As a result of the emergence of extraneous factors in the 2015 study on intra-scene variable frame rates, Quesnel has undertaken a second study on the effect of video editing shot length combined with the use of variable frame rates within the scene in understanding the effect of both on viewer attentional synchrony. The results of the study will be useful for creators of immersive, 360 degree or virtual reality films and games in understanding how to plant cues to gain user attention within a scene.
Key Objective: It is debatable on how effective the use if high frame rates and variable high frame rates (VFRs) are for viewer engagement in the context of film narrative. Historically, the length of editing cuts have been refined to maximize the level of viewer attentional synchrony on the film screen over other methods for viewer engagement. This study investigates whether the use of VFRs aids in viewer attentional synchrony, or has a null effect. Results are achieved through a mixed-methods experiment that combined quantitative eye tracking data with qualitative surveys from participants.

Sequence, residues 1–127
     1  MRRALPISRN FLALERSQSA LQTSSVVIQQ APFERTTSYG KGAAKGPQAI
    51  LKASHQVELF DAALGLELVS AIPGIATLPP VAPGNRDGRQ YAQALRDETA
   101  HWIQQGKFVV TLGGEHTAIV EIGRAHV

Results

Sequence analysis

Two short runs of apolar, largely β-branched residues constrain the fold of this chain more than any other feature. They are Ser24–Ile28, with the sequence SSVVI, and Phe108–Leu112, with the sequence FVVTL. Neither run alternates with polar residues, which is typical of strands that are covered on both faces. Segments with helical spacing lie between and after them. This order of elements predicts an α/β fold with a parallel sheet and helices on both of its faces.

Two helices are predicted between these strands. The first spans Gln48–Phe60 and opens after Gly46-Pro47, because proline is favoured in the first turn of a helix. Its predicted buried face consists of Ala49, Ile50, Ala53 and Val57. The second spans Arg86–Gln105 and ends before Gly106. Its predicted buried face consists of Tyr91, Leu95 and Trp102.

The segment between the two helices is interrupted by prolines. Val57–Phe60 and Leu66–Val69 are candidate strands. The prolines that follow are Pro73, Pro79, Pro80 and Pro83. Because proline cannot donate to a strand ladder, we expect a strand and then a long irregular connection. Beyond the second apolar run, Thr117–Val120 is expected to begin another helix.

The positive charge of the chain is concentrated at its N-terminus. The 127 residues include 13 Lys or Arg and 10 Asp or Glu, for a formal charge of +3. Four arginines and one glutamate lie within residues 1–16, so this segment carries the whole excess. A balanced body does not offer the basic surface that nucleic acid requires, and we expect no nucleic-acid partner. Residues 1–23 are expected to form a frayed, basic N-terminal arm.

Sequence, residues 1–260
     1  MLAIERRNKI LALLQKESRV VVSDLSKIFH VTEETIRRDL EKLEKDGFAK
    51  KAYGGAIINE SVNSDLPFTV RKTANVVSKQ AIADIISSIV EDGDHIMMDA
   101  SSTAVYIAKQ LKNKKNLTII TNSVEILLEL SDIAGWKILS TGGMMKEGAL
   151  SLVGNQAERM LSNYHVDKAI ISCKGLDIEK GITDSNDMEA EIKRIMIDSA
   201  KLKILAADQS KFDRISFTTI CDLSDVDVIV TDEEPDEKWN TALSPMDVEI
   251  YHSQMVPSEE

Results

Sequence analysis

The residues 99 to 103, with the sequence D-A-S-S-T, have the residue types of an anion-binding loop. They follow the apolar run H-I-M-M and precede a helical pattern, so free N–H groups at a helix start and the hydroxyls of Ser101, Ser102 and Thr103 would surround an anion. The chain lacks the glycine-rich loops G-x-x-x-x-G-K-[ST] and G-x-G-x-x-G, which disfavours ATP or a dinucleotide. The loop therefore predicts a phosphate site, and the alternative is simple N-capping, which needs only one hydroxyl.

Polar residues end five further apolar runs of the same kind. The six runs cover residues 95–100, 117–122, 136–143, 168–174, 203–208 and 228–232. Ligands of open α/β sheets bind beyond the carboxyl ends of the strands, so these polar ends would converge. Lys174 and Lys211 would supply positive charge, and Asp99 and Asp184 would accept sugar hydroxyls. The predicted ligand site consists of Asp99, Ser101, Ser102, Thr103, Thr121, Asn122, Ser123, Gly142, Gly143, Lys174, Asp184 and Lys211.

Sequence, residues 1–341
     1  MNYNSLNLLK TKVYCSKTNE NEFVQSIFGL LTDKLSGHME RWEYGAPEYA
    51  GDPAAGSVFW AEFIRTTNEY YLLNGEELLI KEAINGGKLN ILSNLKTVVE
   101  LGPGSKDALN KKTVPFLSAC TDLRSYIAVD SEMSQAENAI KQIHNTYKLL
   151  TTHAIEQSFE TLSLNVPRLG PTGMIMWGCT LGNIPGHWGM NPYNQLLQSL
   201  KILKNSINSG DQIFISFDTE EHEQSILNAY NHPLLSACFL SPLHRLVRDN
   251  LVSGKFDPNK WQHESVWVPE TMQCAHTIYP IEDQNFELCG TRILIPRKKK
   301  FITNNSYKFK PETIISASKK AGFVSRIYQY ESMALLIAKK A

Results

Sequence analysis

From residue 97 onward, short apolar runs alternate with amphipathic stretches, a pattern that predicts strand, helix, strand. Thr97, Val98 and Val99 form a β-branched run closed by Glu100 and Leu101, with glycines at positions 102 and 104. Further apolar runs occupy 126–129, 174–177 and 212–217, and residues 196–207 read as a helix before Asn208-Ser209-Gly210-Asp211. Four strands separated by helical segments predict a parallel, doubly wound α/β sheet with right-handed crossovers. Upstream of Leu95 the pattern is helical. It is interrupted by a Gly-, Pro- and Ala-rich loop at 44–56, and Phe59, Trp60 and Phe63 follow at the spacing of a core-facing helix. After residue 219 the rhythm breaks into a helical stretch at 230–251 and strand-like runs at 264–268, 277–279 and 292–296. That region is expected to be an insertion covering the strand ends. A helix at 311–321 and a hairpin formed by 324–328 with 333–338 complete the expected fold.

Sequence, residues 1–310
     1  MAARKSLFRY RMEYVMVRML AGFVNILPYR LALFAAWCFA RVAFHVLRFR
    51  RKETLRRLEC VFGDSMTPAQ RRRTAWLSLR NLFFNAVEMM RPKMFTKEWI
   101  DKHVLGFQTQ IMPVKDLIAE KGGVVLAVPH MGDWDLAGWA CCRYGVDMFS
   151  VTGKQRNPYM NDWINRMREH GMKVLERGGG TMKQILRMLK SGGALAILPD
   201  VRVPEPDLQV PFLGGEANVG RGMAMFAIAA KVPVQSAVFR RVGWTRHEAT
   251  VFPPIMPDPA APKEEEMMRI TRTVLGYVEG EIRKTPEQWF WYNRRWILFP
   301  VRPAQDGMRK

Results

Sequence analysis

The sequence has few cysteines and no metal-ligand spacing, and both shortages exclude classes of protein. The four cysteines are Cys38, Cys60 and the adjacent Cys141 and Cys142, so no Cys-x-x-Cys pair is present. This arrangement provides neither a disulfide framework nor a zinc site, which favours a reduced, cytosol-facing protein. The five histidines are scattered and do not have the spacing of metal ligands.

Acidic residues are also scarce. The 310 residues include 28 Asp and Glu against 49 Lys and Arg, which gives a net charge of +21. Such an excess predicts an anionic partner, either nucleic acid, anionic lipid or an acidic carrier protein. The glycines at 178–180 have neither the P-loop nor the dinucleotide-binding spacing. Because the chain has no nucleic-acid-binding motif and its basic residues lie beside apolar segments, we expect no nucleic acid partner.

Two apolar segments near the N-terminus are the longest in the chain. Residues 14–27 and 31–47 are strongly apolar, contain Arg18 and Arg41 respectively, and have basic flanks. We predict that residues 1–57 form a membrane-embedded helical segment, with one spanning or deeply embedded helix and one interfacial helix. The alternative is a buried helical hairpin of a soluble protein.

The project is currently in progress with more information to be released soon.